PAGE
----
Evie loves working in the library with her friend Clara and new colleague Aiden – having been introduced to the job by her caring foster mum, Irene. When her birthday rolls around, she decides it’s time to find her birth mother and turns to the Salvation Army for helping in tracking her down.
Meanwhile, she can’t help her continuing crush on author Noah Jones, who she met briefly at a seminar once, and she can’t figure out who dropped off a mystery present of a signed copy of the latest book by her favourite author, Sam Stone.
First up, my immediate reaction with this story was: why are you picking up that abandoned bag on the bus? Have alerts about terrorism threats not reached this city? Or did you not think you should pass the bag on to the bus driver who can drop it into the depot’s lost property? From there on, there were just a few too many coincidences and overly obvious clues for me. But if you can put all that aside, it's still a charming story with a cute heroine that many will adore.
Lizzie’s been married a long time, her children are grown and away at university, and her husband, Henry, barely acknowledges her existence other than to ask when dinner is ready. Then temptation arrives in the form of handsome new neighbour Marcus.
There is so much more to this story than what meets the eye and my feelings for Lizzie changed along the way. I began with a lot of empathy for her and her situation. However once the flirtation with Marcus kicked up a notch, I had a much harder time feeling any empathy for her.
I began to get angry because as cold and distant as Henry was, Lizzie never communicates her feelings to him. He deserved a swift kick but it annoyed the living daylights out of me that Lizzie so quickly considered a fling without even trying to resolve the issues in her marriage!
Also, the Christmas escape to the country is more of an afterthought that occurred near the end of the story after Lizzie’s life is already in shambles. I’m glad I didn’t give up on this story, however, because I was surprised at how it all played out. In the end, I returned to feeling not only empathy for Lizzie, but admiration as well as she takes full responsibility for her actions.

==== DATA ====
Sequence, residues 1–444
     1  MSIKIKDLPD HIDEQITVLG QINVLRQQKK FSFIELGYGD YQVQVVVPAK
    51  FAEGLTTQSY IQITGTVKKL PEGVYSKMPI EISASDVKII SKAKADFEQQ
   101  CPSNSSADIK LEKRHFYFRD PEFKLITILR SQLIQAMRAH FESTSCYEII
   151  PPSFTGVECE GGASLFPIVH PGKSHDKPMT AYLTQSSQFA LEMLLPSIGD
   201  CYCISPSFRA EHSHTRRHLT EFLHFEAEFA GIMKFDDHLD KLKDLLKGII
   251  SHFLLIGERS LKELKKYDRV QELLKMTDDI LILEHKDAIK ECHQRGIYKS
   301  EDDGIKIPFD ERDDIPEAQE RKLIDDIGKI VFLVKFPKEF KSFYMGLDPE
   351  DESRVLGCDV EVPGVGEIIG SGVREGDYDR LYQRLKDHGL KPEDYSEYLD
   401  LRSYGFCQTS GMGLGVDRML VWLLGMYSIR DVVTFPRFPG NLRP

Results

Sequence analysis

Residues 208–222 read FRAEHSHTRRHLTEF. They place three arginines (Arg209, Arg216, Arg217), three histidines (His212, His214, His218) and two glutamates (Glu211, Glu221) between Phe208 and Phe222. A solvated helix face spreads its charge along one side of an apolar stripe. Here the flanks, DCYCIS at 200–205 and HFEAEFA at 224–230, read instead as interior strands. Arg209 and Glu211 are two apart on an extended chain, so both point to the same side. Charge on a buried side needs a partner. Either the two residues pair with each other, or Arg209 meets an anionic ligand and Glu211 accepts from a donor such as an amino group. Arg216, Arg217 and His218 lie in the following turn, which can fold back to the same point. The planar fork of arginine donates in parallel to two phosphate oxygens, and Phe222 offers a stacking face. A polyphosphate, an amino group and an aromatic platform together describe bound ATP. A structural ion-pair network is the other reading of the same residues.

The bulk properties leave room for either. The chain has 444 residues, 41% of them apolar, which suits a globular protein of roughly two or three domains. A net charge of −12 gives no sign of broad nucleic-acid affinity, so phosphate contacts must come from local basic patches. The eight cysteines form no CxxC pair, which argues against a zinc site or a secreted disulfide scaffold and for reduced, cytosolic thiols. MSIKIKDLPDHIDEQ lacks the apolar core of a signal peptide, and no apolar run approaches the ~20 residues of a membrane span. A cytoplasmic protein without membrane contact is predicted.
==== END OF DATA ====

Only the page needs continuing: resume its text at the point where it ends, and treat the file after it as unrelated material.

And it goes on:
The story flows well and the characters were easy to engage with. I especially liked Lizzie’s friend, Ann, who demonstrates loyalty to Lizzie even though she is going through her own trials. There are some surprise twists that came out of left field which enhanced the story very well.
Although I struggled with a few parts of the story, I recommend this book to readers who are looking for a story about forgiveness and second chances because isn’t Christmas the season of hope? (SB)
This sequel to A Year in the Life of a Playground Mother centres on mother of four Rachel who has adjusted fairly well to her village surroundings and found her place amongst all of the other school mothers, including the overly bossy Penelope.
When I started this book, I had no idea it was the second book in a series so there was a slight struggle as the “getting to know you” bit had already happened. However, the author does an excellent job of bringing the reader up to speed so I didn’t feel I missed out on too much.
The story moved at a decent pace and once I got through the initial confusion, it was very easy to follow and stay entertained. I’m not surprised that Rachel tries so hard to extricate herself from all things Penelope. I absolutely could not stand the woman and was surprised that Rachel spoke to her, much less interacted with her on any level. The author does a fantastic job of giving the reader a good sense of Rachel’s irritation and frustration with Penelope throughout the story and there were some moments that made me roll with laughter. I love it when the villain gets their comeuppance.
I also enjoyed the side relationships with the other couples and though I didn’t care for him at first, Penelope’s ex, Rupert, turned out to be pretty decent.
I really like this author’s voice. She has a wonderful ability of creating characters that are easy to like as well as dislike and stories that draw the reader in so completely, the reader can easily lose themselves between the pages for several hours. I recommend this story to fans of the chick-lit genre as well as readers who enjoy reading about the underdog beating adversity and coming out on top. (SB)